Lucretius 1515 colophon – last Aldine.
The Lucretius, printed in January 1515, was the last work to be printed by Aldus himself before his death on 6 February. Worth’s copy is a good exemplar of yet another facet of his portable Aldines for it clearly demonstrates that size and content were also interlinked. Whereas the larger quartos and folios could encompass the various commentaries on the ancient texts as well as the original text itself, the new quartos offered the reader the text unaccompanied by commentaries. This again had both economic advantages (less paper was involved) but could also be defended by the humanist dictum ‘ad fontes’.
The Aldine Press. Catalogue of the Ahmanson-Murphy Collection of Books by or relating to the press in the Library of the University of California, Los Angeles incorporating works recorded elsewhere (University of California Press, 2001).
Barker, Nicholas, Aldus Manutius and the Development of Greek Script & Type in the Fifteenth Century (Fordham University Press, New York, 1992).
Fletcher, Harry George, New Aldine Studies. Documentary Essays on the Life and Work of Aldus Manutius (San Francisco: Bernard M. Rosenthal, Inc. 1988).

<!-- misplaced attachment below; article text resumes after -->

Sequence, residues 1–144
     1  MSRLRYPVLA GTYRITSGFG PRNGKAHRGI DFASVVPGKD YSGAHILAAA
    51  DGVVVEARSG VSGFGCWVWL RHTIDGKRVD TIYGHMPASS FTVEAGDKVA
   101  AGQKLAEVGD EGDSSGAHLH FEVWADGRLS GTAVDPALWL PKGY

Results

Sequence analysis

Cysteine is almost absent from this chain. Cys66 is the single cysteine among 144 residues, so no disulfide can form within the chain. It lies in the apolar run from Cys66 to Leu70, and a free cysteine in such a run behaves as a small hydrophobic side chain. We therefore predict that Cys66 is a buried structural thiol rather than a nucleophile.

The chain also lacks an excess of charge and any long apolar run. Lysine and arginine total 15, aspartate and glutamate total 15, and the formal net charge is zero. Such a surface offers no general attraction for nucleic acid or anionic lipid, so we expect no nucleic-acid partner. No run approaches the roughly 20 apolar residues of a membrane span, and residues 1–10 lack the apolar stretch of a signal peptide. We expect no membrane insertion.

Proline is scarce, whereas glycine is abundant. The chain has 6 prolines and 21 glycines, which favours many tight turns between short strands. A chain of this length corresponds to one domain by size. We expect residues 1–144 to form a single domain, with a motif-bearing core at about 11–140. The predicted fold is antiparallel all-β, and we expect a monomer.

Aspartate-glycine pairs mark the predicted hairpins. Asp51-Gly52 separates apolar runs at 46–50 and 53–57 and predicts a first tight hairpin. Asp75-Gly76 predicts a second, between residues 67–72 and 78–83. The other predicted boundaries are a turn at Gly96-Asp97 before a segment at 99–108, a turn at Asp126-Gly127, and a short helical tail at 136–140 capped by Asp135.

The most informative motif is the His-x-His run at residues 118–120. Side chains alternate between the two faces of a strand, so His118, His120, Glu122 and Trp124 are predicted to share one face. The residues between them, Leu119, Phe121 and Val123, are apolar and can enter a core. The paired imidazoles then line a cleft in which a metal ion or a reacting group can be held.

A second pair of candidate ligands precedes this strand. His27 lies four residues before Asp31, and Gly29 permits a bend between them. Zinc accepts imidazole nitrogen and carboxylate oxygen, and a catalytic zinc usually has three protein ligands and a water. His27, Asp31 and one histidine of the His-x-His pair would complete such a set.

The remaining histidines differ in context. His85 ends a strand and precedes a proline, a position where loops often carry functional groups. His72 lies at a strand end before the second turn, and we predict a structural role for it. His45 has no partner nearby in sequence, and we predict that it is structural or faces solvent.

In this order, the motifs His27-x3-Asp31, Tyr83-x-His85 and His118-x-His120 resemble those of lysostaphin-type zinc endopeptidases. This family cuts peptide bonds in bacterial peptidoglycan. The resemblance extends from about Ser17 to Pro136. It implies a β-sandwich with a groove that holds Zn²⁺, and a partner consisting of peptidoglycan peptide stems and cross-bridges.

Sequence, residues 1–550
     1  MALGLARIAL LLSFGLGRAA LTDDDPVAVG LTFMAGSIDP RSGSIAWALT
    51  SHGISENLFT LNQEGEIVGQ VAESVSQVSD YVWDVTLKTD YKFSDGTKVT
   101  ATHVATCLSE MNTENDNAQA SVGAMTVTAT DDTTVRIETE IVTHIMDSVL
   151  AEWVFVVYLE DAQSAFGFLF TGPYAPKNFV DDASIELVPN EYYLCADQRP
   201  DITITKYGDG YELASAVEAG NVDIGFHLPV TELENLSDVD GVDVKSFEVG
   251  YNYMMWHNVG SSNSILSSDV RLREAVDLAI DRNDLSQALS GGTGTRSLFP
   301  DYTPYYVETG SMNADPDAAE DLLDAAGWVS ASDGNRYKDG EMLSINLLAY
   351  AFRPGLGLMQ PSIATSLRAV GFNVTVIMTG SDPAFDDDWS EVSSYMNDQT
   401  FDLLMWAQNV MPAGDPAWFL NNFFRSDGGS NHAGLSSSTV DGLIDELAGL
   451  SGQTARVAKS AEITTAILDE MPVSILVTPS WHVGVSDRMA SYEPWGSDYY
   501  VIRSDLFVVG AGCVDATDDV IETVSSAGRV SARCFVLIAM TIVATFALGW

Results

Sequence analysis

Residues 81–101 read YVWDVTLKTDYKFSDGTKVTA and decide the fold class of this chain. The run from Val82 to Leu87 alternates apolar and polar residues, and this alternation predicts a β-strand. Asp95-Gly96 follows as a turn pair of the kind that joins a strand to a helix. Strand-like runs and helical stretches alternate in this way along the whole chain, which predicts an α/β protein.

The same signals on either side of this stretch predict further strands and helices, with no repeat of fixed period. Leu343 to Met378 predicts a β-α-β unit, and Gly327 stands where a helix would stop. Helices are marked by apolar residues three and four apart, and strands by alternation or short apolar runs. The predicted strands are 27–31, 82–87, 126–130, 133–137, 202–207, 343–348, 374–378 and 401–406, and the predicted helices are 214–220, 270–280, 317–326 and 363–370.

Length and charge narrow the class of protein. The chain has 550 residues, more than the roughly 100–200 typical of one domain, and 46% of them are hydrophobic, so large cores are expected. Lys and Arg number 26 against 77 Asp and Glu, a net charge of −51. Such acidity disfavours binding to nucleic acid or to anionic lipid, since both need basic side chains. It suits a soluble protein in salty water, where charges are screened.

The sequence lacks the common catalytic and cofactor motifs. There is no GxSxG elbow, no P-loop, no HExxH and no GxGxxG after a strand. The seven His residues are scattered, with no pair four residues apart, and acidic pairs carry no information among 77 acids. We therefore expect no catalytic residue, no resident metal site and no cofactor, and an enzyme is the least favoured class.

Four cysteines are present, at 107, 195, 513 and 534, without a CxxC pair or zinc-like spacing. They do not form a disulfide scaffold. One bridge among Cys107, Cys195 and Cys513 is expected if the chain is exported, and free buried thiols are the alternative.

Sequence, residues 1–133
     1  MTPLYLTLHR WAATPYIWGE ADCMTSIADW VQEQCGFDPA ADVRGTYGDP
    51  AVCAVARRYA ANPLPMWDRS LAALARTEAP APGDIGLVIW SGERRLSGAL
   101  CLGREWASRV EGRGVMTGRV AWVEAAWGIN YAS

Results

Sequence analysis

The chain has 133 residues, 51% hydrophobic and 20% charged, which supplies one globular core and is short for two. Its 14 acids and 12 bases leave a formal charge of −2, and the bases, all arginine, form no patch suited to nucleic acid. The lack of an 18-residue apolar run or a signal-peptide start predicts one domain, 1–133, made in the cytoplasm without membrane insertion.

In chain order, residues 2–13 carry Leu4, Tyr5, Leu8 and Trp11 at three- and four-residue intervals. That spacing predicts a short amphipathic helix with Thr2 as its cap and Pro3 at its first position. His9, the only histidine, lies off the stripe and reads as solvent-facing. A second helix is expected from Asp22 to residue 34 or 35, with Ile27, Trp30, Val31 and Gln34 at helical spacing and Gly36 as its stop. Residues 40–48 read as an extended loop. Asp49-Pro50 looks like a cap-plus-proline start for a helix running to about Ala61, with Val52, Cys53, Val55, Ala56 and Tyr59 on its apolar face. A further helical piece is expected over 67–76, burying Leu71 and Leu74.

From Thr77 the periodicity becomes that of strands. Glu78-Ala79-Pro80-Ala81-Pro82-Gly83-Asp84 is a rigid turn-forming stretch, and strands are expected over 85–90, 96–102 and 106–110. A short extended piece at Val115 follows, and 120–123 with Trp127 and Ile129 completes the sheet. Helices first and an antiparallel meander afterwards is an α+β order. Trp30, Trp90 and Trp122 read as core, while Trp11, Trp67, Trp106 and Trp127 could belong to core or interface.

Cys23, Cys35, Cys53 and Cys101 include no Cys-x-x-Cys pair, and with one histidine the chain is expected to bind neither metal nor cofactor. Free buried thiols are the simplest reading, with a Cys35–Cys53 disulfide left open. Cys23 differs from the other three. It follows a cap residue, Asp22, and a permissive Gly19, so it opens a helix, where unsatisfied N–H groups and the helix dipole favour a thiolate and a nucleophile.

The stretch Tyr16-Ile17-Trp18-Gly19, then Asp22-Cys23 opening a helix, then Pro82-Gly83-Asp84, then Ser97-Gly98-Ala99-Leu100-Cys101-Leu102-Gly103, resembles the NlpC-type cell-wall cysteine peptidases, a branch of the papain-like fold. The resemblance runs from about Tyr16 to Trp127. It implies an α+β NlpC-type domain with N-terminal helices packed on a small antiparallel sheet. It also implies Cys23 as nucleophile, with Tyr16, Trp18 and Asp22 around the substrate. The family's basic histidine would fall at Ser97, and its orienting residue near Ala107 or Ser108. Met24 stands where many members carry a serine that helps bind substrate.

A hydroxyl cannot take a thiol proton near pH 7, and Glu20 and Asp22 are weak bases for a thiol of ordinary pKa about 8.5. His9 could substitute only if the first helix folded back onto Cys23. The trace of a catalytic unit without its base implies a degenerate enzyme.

Lowry, M. J. C, (1976), ‘The “New Academy” of Aldus Manutius: A Renaissance Dream’, Bulletin of the John Rylands Library 58(2): 378-420.
Lowry, Martin (1979) The World of Aldus Manutius. Business and Scholarship in Renaissance Venice (Oxford: Blackwell).
Updike, D. B. (2001), Printing Types. Their History, Forms and Use (Oak Knoll Press/The British Library).
Winship, G. P. (1926), ‘The Aldine Pliny of 1508’, The Library March, 358-369.
1 Cited in Updike, D. B. (2001), Printing Types. Their History, Forms and Use (Oak Knoll Press/The British Library), p. 126. This is in Aldus’ preface to Carteromachus in the 1501 Juvenal (which Worth has in the 1515 edition).
2 The Aldine Horace was not collected by Worth.
3 Fletcher, Harry George, New Aldine Studies. Documentary Essays on the Life and Work of Aldus Manutius (San Francisco: Bernard M. Rosenthal, Inc. 1988), p. 88.
4 Winship, G. P. (1926), ‘The Aldine Pliny of 1508’, The Library March, 358-369.